Apr. 18, 2013 — When superstorm Sandy turned and took aim at New York City and Long Island last October, ocean waves hitting each other and the shore rattled the seafloor and much of the United States -- shaking detected by seismometers across the country, University of Utah researchers found.
"We detected seismic waves created by the oceans waves both hitting the East Coast and smashing into each other," with the most intense seismic activity recorded when Sandy turned toward Long Island, New York and New Jersey, says Keith Koper, director of the University of Utah Seismograph Stations.
"We were able to track the hurricane by looking at the 'microseisms' generated by Sandy," says Oner Sufri, a University of Utah geology and geophysics doctoral student and first author of the study with Koper. "As the storm turned west-northwest, the seismometers lit up."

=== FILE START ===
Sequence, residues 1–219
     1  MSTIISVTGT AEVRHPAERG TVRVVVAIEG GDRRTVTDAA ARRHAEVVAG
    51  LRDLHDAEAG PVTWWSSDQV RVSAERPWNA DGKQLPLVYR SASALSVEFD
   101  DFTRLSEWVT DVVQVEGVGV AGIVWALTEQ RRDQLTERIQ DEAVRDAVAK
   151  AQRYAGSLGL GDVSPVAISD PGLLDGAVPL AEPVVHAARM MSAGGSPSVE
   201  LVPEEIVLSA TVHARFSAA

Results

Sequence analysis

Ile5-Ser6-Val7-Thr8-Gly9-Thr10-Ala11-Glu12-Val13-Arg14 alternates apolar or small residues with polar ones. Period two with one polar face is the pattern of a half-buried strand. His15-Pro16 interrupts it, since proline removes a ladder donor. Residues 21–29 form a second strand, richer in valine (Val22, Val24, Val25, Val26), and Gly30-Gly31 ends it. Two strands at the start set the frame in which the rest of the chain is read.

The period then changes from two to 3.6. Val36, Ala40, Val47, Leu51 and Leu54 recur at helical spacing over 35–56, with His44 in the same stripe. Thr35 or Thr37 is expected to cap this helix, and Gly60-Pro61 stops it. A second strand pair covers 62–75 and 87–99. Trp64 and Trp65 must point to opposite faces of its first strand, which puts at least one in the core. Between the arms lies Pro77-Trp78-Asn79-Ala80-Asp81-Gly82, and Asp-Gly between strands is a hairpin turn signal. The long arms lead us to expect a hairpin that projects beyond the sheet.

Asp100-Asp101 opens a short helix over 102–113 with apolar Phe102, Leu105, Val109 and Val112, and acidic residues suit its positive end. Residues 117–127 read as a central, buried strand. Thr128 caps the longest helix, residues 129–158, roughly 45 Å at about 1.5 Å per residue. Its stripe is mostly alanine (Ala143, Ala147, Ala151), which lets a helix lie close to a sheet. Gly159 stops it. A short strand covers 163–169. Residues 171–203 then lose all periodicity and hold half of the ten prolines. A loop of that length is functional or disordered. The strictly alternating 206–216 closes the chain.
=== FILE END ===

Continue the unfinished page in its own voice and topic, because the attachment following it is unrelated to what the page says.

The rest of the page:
Sufri was scheduled to present the preliminary, unpublished findings in Salt Lake City Thursday, April 18 during the Seismological Society of America's annual meeting.
This map, taken from a University of Utah video, shows colored dots to represent the locations of portable seismometers in the Earthscope array, which is funded by the National Science Foundation. Most are now located in the eastern part of the United States. Blue-green dots indicate low seismic activity, while yellow-orange-red dots indicate stronger seismic activity. The map shows that when superstorm Sandy turned west-northwest toward Long Island, New York City and New Jersey on Oct. 29, 2012, the seismometers “lit up” because of ground shaking by certain ocean waves imparting energy to the seafloor. (Credit: Keith Koper, University of Utah Seismograph Stations.)